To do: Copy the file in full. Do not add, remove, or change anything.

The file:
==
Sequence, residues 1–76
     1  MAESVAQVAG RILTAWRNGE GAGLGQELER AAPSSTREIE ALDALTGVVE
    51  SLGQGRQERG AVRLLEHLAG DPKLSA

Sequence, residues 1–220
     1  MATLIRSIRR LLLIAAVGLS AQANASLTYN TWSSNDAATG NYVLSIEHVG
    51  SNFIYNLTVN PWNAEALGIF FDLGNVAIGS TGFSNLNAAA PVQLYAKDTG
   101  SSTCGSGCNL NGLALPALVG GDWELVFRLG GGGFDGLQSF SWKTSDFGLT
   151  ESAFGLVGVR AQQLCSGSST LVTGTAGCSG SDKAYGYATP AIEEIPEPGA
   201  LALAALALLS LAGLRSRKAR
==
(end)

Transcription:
Sequence, residues 1–76
     1  MAESVAQVAG RILTAWRNGE GAGLGQELER AAPSSTREIE ALDALTGVVE
    51  SLGQGRQERG AVRLLEHLAG DPKLSA

Sequence, residues 1–220
     1  MATLIRSIRR LLLIAAVGLS AQANASLTYN TWSSNDAATG NYVLSIEHVG
    51  SNFIYNLTVN PWNAEALGIF FDLGNVAIGS TGFSNLNAAA PVQLYAKDTG
   101  SSTCGSGCNL NGLALPALVG GDWELVFRLG GGGFDGLQSF SWKTSDFGLT
   151  ESAFGLVGVR AQQLCSGSST LVTGTAGCSG SDKAYGYATP AIEEIPEPGA
   201  LALAALALLS LAGLRSRKAR